In the "good old days" (we're talking 1995 here), you could count on a few bands that were always certain to pack 'em in down in the basement of the old Cicero's, and one of the hardest-rocking and most entertaining of the lot was Omaha's Frontier Trust. Without resorting to the gimmicks of alt-country or the heinous "cowpunk" hybrid, the band managed to bring a sense of ruralness to its three-chord punk-rock, thanks in large part to the raw, twang-inflected vocals of singer Gary Dean Davis. Hollering and thrashing about onstage like a madman while the band ripped through their songs, Davis displayed the charismatic appeal that sets a frontman apart from a mere vocalist. Between songs, Davis displayed a humble aw-shucks demeanor, relating stories about his grandpa, his car problems or Nebraska's various college-sports teams. When everyone was done tuning, though, he'd cut in with a simple "Hit it, Bill!" and the band would dive headfirst into their next raver, whereupon he'd revert to thrashing about like a madman.Fans of the late Frontier Trust should plan to be at Frederick's Music Lounge on Friday for the St. Louis debut of Davis' new band, the Monroes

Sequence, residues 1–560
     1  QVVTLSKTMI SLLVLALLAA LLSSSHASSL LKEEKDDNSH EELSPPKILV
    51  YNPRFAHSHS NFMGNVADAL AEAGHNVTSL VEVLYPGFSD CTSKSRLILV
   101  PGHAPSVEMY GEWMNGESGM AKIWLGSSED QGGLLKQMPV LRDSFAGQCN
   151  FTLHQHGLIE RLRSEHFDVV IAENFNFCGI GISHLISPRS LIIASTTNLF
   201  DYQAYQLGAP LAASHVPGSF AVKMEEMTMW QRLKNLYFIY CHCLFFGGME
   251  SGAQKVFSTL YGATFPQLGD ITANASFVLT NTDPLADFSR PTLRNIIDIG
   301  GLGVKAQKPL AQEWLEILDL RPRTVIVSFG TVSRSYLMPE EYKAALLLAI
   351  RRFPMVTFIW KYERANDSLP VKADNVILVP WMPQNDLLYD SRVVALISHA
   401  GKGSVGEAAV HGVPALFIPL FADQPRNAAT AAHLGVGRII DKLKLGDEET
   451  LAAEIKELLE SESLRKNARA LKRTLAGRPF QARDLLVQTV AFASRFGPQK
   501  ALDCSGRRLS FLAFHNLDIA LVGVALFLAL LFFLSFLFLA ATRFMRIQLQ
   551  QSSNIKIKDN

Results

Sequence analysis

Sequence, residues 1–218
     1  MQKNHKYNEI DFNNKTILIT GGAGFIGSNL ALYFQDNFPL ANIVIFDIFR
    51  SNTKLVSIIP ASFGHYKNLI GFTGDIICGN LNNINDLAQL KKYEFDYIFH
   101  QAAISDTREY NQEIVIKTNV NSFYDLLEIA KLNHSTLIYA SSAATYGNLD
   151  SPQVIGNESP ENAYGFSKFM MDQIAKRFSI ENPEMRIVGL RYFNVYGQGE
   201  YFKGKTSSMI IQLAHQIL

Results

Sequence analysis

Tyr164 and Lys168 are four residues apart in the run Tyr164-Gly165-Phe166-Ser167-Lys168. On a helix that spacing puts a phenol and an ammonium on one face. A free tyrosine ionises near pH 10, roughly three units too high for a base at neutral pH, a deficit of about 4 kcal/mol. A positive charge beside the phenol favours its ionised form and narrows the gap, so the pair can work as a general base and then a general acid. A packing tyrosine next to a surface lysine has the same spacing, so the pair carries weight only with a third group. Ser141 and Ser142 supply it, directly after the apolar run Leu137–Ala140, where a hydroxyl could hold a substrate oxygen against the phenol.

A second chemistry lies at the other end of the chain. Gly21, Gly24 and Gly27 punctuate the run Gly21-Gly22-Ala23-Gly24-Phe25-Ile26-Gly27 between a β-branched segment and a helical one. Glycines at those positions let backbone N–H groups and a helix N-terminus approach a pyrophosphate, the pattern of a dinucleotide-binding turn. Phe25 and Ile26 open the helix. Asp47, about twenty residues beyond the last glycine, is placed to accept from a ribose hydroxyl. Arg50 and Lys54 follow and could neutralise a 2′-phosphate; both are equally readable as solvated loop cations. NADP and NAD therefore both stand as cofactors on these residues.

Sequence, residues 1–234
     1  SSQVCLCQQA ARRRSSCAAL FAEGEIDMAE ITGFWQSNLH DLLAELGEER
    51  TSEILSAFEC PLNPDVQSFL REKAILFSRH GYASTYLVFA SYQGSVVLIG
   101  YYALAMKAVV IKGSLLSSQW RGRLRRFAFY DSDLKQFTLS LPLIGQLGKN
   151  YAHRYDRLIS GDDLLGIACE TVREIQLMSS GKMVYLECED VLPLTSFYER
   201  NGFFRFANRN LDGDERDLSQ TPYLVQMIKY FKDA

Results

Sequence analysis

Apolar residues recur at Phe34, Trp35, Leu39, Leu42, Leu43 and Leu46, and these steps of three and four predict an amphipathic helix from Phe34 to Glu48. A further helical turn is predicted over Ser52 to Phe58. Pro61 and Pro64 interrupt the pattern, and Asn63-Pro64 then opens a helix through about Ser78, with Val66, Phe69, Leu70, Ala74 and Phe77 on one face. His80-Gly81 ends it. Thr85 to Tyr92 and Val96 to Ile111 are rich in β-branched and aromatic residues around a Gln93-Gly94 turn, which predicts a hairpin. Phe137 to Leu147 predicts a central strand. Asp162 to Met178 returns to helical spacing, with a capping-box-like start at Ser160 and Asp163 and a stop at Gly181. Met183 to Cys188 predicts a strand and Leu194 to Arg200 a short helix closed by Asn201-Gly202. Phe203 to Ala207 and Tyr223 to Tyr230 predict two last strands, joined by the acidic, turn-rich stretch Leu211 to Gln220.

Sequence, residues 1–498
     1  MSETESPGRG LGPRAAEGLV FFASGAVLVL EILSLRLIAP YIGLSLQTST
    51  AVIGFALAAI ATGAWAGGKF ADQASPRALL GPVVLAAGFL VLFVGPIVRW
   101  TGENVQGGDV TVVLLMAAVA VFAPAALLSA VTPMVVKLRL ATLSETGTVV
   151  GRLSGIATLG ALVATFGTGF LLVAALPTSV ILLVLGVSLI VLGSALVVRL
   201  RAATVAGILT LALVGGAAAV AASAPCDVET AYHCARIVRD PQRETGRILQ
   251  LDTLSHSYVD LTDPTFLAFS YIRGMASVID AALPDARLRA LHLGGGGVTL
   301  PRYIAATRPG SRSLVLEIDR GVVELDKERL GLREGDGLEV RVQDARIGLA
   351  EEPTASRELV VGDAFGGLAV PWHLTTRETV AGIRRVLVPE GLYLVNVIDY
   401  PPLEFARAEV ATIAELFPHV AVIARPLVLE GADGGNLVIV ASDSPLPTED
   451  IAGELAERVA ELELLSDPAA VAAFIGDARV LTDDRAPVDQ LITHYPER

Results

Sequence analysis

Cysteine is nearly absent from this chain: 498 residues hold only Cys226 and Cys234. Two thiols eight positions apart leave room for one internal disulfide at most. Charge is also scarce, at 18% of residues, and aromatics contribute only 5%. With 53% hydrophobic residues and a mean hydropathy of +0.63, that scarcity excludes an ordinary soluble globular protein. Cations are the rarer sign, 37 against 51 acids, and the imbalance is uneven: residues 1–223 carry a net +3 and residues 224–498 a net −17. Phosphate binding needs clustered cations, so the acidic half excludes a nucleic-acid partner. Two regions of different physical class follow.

. A practice tape (the Monroes have not released anything officially) reveals a sound similar to that of Davis' old band but with a touch of rockabilly and a more obvious twang factor. The Monroes may not be quite the nonstop onslaught of rock that Frontier Trust was, but they still offer moments of pure punk overdrive to satisfy older fans. The band also features guitarist Lincoln Dickison -- of the late Columbia, Mo.-based Shellac-ish punk outfit Product 19 -- who brings the occasional twist of weirdness and atonality to the songs, preventing them from falling into rockabilly predictability.